How to Measure Screw Size and Pitch

How to Measure Screw Size: Calculating Threads per Inch

Andrew Prestridge | September 12, 2020

How to Measure Screws

Screws are defined by three measurements: diameter, pitch, and length. Measure the diameter across the threads and the length from underneath the head of the screws (unless it's a flat-head, then measure the whole length of the screw.) For the pitch, mark out 1 inch of threads and count the number of threads in that length.

Diameter and length are fairly straight-forward and call out the overall dimensions for the physical size of the screw while the last measurement, the pitch, defines the threads and ensures the screw can actually screw into the nut or threaded hole.

For example, a common imperial screw is the #6-32x1/2” and we can see the each of the measurements is clearly specified, although in a slightly cryptic manner. #6-32x1/2” means a #6 screw (which has major diameter of 0.138”), with 32 Threads Per Inch (TPI), that is 1/2” long. There are multiple methods of measuring pitch, and sometimes a thread pitch gage is the quickest method.

Calculating Threads Per Inch (TPI)

The Threads Per Inch (TPI) is the number of threads along one inch of the length of the screw, just as the name suggests. By simply counting the number of threads and dividing by the length you can easily calculate the TPI of a screw.

Metric screws convey the same information, but with slightly different terminology: the second number is the length between threads, not the threads per inch. For instance, an M6x1x20 screw has a diameter of 6mm (M6 means Metric, not a #6 imperial), a pitch of 1mm and length of 20mm. The pitch of 1 doesn’t mean that the screw has only 1 thread per inch, but rather that each thread is spaced apart by 1 mm. Since there are 25.4 millimeters in 1 inch, the M6x1.00 screw has an equivalent TPI of 25.4.

As the TPI increases for screws it means there are more and more threads in the same one inch, so the threads are getting smaller and smaller: a 6-32 screw has bigger threads than a 6-40 screw. By contrast, in metric screws as the pitch increases the individual threads take up more space and are increasing in size, so an M6x1.00 has smaller threads than an M6x1.50 screw - TPI and pitch are inversely proportional.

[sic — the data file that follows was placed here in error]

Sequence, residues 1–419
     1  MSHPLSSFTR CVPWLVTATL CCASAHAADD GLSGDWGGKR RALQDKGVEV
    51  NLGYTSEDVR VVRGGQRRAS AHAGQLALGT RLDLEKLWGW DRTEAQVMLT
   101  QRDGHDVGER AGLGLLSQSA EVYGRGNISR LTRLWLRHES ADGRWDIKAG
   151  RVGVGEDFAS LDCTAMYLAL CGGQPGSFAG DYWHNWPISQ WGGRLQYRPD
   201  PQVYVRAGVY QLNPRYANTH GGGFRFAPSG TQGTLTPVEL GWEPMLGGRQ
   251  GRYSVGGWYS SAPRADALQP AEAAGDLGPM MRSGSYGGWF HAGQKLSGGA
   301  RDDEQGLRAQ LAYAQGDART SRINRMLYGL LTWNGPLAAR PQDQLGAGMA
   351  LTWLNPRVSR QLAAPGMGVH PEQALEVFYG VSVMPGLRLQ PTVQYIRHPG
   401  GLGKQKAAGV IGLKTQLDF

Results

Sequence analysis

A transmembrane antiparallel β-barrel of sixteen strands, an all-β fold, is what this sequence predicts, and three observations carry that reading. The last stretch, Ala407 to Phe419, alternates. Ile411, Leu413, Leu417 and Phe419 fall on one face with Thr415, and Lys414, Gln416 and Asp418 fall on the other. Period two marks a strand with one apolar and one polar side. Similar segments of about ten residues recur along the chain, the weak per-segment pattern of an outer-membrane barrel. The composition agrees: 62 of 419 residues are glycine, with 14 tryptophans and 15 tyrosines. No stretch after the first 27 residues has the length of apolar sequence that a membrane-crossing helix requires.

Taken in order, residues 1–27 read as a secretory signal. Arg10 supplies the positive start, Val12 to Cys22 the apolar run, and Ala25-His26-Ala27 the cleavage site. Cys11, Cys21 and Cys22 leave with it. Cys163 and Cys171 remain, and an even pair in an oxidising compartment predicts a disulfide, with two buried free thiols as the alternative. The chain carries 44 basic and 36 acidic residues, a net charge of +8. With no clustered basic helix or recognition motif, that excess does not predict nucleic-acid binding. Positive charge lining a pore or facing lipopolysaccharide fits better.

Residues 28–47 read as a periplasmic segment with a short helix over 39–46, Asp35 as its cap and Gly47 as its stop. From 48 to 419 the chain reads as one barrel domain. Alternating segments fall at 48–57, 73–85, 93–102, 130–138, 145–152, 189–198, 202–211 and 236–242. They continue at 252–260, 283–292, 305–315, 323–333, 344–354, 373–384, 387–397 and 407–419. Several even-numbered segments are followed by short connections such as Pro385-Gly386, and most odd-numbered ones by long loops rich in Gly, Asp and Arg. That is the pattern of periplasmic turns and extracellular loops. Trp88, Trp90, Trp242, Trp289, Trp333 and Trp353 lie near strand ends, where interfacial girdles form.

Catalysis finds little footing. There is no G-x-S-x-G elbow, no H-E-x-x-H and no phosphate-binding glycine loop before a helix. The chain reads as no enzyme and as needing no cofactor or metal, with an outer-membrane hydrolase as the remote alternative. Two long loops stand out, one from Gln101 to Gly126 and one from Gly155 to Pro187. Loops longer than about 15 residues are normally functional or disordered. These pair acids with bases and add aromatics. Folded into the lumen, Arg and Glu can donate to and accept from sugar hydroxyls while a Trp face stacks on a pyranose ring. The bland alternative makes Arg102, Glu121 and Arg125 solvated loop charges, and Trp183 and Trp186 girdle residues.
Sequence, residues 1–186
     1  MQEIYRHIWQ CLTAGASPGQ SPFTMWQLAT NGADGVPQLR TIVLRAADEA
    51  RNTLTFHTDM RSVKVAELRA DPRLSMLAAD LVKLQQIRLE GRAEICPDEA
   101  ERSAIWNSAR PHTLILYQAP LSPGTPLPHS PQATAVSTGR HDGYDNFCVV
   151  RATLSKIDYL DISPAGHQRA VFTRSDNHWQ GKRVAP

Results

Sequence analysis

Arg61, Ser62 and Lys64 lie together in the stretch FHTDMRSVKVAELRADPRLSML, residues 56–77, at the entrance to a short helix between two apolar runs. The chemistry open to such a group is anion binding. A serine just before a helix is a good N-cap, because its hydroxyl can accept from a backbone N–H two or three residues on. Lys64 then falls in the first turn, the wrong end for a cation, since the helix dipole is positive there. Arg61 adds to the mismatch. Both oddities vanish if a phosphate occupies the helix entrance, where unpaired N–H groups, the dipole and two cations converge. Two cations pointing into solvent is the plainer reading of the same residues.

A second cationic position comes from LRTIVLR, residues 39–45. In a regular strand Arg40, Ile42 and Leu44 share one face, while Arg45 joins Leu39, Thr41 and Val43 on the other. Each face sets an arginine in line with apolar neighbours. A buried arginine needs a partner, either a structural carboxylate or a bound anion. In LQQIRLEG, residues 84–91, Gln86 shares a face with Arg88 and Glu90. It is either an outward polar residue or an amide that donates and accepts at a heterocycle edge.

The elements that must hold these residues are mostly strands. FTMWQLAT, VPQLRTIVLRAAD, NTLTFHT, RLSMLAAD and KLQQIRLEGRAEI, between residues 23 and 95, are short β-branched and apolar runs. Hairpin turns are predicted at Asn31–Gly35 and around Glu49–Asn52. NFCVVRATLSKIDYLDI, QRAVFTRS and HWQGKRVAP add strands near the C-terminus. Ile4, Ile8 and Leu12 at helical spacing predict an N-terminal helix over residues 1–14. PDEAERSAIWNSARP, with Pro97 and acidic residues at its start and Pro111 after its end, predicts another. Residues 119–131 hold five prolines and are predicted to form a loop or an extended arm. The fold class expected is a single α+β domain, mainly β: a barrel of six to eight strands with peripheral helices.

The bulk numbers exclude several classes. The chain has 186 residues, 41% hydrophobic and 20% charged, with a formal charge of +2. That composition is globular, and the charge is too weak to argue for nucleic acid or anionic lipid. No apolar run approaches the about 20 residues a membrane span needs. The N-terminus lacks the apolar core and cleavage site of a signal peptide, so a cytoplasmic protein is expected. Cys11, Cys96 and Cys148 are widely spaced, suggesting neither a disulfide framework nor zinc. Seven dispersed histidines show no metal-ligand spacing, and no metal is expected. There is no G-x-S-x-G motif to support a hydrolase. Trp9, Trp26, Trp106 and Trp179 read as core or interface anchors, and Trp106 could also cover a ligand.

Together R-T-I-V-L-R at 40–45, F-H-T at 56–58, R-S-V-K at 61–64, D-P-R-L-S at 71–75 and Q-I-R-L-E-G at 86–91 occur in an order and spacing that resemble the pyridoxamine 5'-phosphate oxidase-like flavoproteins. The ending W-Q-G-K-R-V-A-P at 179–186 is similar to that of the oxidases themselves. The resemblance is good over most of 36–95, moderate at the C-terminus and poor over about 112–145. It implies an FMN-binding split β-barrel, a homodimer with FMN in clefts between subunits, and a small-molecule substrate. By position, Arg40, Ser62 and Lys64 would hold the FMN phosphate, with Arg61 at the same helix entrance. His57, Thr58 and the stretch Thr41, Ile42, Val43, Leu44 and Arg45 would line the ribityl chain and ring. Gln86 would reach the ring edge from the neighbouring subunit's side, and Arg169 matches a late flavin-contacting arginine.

Plot comparing diametral pitch and module

For good or for bad, there hasn't been a Whitworth-esque standardization movement for gears.

Gears and Pitch

This same relationship holds for gears, the imperial dimension is Diametral Pitch and the metric dimension is called Module. The Diametral Pitch is the number of teeth of a gear per inch of its pitch diameter (effectively the same as a screw’s TPI), while Module is more directly the pitch of the gear. Just like in screws, a gear with a Module of 1 has an equivalent Diametral Pitch of 25.4. As the Module increases, gear teeth increase in size, but as Diametral Pitch increases those gear teeth decrease in size in order to fit more teeth into the same inch of pitch diameter. If you ever need to convert, just use the following equations:

Diametral Pitch = 25.4 / Module
Module = 25.4 / Diametral Pitch


comparison of different size diametral pitches and modules

Figure from "A Treatise on Gear Wheels" by George Grant, 11th Edition, (Figure 31 graphical comparison of gear pitch - with edits) 1906

Measuring Screws


Measure the major diameter across the threads. Higher is larger is both inch and metric screws


Inch screws count the Threads Per Inch, while metric screws measure the length between threads


Measure the length beneath the head of the screw, except flat-heads measure the whole length


  • Hi! Yes, it’s me again. This article is certainly something I should let my brother know about so he can finally get some peace of mind at an instant. He’s struggling at the moment to keep the tools at his auto body shop work properly because some of the parts aren’t well-adjusted enough. It was really nice of you to pointed out that we can calculate the dimension of our pitch at a faster rate by using thread gage.

    Amy Saunders
  • Hi! My husband has been trying to fix some machineries in our garage at the moment and he thinks he needs to get some tools to help him finish the job. I really like it when you mentioned that metric screws have a unique method for their size calculation generally. I’ll certainly remind him about this aspect before he makes any further purchase afterwards.

    Amy Saunders
  • Phew, it was such a relief when you mentioned about just who quick it is to use thread pitch gages when measuring a pitch. This reminds me of my niece who’s been searching for additional equipment for her workshop. I’ll ask her to keep this information in mind so she’ll make the right purchase later.

    Amy Saunders

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